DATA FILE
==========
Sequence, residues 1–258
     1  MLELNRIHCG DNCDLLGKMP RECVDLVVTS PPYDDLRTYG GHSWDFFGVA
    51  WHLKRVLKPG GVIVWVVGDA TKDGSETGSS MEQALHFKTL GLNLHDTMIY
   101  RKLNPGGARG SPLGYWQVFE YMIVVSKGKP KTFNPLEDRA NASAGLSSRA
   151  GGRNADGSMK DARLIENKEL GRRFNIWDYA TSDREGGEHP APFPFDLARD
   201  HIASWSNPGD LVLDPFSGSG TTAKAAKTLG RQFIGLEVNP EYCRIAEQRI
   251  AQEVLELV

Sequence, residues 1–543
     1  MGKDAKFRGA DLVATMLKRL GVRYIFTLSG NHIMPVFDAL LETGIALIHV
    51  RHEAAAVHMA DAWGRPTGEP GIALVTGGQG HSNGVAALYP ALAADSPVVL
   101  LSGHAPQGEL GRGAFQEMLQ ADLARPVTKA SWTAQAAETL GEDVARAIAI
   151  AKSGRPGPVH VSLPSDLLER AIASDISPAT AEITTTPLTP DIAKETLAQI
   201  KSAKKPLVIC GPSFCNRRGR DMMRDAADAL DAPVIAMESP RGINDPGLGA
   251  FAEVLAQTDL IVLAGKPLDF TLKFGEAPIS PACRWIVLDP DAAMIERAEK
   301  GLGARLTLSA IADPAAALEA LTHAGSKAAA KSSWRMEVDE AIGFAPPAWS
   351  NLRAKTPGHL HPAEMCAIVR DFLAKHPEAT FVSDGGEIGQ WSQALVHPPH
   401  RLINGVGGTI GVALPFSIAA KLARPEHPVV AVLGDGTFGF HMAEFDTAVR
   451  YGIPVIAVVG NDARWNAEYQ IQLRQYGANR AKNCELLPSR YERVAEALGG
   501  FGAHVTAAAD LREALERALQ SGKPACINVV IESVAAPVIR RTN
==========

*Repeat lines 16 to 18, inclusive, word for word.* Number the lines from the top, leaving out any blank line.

   351  NLRAKTPGHL HPAEMCAIVR DFLAKHPEAT FVSDGGEIGQ WSQALVHPPH
   401  RLINGVGGTI GVALPFSIAA KLARPEHPVV AVLGDGTFGF HMAEFDTAVR
   451  YGIPVIAVVG NDARWNAEYQ IQLRQYGANR AKNCELLPSR YERVAEALGG